I just upgraded my primary desktop PC and installed a fresh copy of Windows 7. Unfortunately the Sleep option in the Start Menu was grayed out, and any power options related to S3 standby mode (a.k.a. Sleep) were also not available. I opened the command prompt (Start Menu > type “cmd” in the search and […]
Update (2013-06-16): A while ago I signed up for iTunes Match, and I have found it to be a great solution for viewing my iTunes library on multiple PCs, whether they are on my home network or not (I have my entire library available on my MacBook at work as well as my PCs at home and my iPhone). The solution below should still work if you don’t want to sign up for iTunes Match, but I no longer use the solution below.
A few years ago I built a PC to function as a semi-dedicated file server. It’s running Windows 7, so it’s still a fully-functional PC, but it’s not my primary workstation. Among other things, I use it to store all of my music, photos, videos, and documents in a central location that is backed up regularly. My primary desktop, my HTPC, and my laptop can access all of these files over the network via a Windows Homegroup.
Until recently the only copy of iTunes I used was on the server PC to sync my iPod classic. On my primary desktop I preferred to use MediaMonkey for music playback because of its speed and excellent library organization features. The only downside was that my play counts and ratings in MediaMonkey didn’t sync with my iTunes library on the server. It was a limitation I’d been content to live with up to this point. (more…)
I recently built a PC for a friend of mine using some old parts I had lying around along with a few new components. She’s had an older Mac notebook running OS X v10.4 for a few years, but it’s just too slow and too old to run a lot of newer software or games, including the latest version of iTunes (which means she can’t update her iPhone to the latest iOS version).
Her new PC is running Windows 7 x64 Home Premium and the latest iTunes so it’s fully capable of keeping her iPhone updated. However, she can’t just plug her iPhone into the new computer without making sure that iTunes is set up properly and all of her purchased music/apps/etc. are on the PC to avoid losing those purchases. There are numerous tutorials on the web that cover transferring your iTunes music and iPhone data from PC to Mac. Unfortunately I couldn’t find any tutorials about transferring from Mac to PC, so I decided to write up a simple tutorial documenting the process we used.
There were a few steps involved in transferring the iTunes library from Mac to PC, but overall the process was fairly simple because all of her music was organized by iTunes (rather than being scattered across multiple folders on the hard drive). This article has instructions on organizing and consolidating music into the iTunes folder if your library is not already organized by iTunes (e.g. if you have music downloaded from amazon’s mp3 service or another music download service). (more…)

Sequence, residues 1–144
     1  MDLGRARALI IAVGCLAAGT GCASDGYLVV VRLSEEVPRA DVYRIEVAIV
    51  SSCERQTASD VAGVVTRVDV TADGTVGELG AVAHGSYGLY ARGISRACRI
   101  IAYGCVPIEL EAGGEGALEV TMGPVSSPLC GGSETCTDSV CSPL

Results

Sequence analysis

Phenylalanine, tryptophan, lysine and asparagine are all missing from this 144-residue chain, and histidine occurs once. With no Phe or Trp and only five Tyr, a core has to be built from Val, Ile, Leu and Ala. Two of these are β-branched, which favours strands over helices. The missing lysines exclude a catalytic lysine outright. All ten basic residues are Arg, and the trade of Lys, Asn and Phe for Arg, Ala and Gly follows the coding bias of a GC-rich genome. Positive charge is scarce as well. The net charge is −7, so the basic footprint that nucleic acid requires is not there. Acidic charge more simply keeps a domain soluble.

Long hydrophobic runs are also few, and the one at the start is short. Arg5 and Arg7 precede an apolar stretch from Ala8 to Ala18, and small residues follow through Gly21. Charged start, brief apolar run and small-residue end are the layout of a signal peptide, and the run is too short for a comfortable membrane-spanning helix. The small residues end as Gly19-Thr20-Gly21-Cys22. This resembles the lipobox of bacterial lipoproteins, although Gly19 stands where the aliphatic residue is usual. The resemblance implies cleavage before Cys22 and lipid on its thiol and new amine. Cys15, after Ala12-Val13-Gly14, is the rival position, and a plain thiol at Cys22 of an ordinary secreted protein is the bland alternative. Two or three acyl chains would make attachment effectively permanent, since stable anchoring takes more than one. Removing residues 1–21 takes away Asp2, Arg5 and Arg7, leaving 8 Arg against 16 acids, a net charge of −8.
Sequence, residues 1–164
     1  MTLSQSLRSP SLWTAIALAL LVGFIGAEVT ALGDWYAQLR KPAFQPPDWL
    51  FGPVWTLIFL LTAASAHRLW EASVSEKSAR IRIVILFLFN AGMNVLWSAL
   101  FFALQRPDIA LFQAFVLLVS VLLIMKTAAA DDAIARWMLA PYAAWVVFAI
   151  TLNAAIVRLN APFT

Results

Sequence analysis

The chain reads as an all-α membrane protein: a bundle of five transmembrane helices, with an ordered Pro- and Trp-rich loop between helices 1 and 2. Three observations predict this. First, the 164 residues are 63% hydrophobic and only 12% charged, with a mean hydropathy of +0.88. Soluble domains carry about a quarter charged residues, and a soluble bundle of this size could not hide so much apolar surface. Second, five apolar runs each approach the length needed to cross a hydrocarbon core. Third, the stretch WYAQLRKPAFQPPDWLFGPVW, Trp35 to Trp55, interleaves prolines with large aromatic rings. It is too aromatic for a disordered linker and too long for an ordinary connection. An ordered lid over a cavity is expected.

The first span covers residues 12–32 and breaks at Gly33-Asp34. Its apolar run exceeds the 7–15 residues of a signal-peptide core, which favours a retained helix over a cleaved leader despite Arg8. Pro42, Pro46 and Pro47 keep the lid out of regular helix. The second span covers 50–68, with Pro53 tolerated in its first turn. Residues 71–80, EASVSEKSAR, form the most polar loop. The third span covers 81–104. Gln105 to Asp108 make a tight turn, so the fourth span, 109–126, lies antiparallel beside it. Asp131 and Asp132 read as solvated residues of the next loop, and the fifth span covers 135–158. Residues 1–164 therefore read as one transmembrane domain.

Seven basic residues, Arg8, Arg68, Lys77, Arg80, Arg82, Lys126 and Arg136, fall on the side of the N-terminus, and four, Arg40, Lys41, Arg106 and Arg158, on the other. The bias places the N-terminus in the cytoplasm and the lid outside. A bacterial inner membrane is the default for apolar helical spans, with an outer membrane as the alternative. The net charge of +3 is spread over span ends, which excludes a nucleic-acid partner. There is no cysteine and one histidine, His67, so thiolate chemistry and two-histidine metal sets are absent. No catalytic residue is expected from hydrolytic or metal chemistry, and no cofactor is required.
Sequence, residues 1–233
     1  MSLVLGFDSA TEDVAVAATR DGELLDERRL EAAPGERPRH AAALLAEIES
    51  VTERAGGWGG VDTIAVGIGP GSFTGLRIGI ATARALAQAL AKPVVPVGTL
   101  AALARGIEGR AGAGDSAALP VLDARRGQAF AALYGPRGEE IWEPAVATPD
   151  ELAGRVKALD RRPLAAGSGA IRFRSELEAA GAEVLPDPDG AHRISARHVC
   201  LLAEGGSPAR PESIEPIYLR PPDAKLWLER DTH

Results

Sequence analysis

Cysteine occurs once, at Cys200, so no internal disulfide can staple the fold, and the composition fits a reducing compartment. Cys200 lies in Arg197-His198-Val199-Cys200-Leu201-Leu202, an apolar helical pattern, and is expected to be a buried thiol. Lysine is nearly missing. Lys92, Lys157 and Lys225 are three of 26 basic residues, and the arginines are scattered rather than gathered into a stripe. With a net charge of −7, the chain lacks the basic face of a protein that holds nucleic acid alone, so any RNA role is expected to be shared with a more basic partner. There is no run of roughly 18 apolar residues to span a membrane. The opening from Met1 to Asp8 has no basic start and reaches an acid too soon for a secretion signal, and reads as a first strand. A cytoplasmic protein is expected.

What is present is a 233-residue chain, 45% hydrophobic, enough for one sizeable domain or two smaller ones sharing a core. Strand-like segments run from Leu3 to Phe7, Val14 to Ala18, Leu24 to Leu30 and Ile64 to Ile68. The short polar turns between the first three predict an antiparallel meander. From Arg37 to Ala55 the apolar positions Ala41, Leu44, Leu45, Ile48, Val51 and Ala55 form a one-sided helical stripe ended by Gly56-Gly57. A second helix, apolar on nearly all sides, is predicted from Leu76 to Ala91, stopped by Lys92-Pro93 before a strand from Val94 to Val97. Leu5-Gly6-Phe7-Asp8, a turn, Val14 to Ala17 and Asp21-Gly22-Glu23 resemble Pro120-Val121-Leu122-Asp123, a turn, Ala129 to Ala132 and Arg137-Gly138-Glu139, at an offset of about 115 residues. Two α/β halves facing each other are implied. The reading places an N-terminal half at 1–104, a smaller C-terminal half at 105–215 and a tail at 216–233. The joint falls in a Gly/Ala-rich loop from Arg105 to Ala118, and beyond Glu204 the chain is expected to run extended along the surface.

My Downloads folder in Windows 7 has been very slow lately when I open it. The address/breadcrumb bar for the folder shows the green progress bar creeping oh-so-slowly while I wait for the items in the folder to show up. I came across this post about fixing this very issue and thought I’d share it. […]
Windows 7 and Live Essentials include a blogging tool called Windows Live Writer. I thought I’d try it out as a way to blog offline and then easily post into my site. This article is being written with it and is the first time I’ve attempted to use it. So far it seems pretty cool, although it has its limitations.
Setting Up Windows Live Writer for WordPress
Before you can use Windows Live Writer, the XML-RPC remote publishing protocol must be enabled (Settings > Writing). I already had this enabled in order to use the WordPress for Android app (see my last blog post). After that it is a simple matter of downloading Windows Live Writer from Windows Update, selecting “WordPress” as your blog during setup, and entering your username and password for your WordPress admin account.
Windows Live Writer loaded my site theme, categories, tags, and a few other bits of data automagically when I fired it up. I was presented with essentially a blank article placeholder using my site theme (minus the header, footer, and sidebar) on which I could start typing. Pretty good stuff right there!
Windows 7 offers a lot of features that may not be well known to the average user. A couple of hours’ work searching various blog sites will tell you more than you probably want to know, but I thought I’d try to include some of the most useful features for both average users and power […]
Now that you have Windows 7 installed on your computer, it’s time to restore your backed up files. You’ll also need to reinstall all of your programs that you want to continue using.
Install Essential Programs
Everyone has a different idea of what the “essential” programs are, so I’ll just give a rundown of my bare essentials.